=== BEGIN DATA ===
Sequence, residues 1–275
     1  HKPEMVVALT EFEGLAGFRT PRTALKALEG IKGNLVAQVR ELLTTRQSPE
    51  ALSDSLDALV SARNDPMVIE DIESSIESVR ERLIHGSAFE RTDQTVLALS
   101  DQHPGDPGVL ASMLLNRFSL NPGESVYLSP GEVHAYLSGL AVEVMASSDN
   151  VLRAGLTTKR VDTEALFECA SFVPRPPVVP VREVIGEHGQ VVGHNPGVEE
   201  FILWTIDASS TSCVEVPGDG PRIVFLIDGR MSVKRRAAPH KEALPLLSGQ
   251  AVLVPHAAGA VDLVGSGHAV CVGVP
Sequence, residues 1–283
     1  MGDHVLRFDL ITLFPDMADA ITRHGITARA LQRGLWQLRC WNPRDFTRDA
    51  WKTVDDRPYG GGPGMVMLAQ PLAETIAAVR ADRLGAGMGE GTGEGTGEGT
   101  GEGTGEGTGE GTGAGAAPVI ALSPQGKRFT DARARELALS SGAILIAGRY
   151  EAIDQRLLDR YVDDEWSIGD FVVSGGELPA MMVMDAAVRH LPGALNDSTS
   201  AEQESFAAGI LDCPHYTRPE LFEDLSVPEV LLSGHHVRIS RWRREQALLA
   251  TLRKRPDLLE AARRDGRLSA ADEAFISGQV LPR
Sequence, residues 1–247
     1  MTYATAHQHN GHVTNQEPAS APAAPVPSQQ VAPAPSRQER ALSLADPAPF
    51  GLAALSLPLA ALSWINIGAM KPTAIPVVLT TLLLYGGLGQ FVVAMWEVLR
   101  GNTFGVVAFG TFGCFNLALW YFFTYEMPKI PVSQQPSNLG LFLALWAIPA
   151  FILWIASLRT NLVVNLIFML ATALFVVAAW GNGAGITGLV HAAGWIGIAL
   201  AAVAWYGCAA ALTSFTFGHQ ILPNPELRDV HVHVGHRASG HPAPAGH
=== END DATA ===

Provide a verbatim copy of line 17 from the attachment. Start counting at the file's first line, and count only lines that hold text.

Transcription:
    51  GLAALSLPLA ALSWINIGAM KPTAIPVVLT TLLLYGGLGQ FVVAMWEVLR